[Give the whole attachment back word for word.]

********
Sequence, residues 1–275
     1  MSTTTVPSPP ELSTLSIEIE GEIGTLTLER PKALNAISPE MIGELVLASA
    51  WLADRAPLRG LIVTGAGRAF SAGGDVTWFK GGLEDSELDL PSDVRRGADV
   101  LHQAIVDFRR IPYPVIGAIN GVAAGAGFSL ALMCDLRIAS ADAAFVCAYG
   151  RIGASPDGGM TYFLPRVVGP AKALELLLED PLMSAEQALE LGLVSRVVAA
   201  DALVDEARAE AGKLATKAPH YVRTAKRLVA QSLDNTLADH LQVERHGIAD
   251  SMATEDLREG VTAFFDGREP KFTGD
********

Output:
Sequence, residues 1–275
     1  MSTTTVPSPP ELSTLSIEIE GEIGTLTLER PKALNAISPE MIGELVLASA
    51  WLADRAPLRG LIVTGAGRAF SAGGDVTWFK GGLEDSELDL PSDVRRGADV
   101  LHQAIVDFRR IPYPVIGAIN GVAAGAGFSL ALMCDLRIAS ADAAFVCAYG
   151  RIGASPDGGM TYFLPRVVGP AKALELLLED PLMSAEQALE LGLVSRVVAA
   201  DALVDEARAE AGKLATKAPH YVRTAKRLVA QSLDNTLADH LQVERHGIAD
   251  SMATEDLREG VTAFFDGREP KFTGD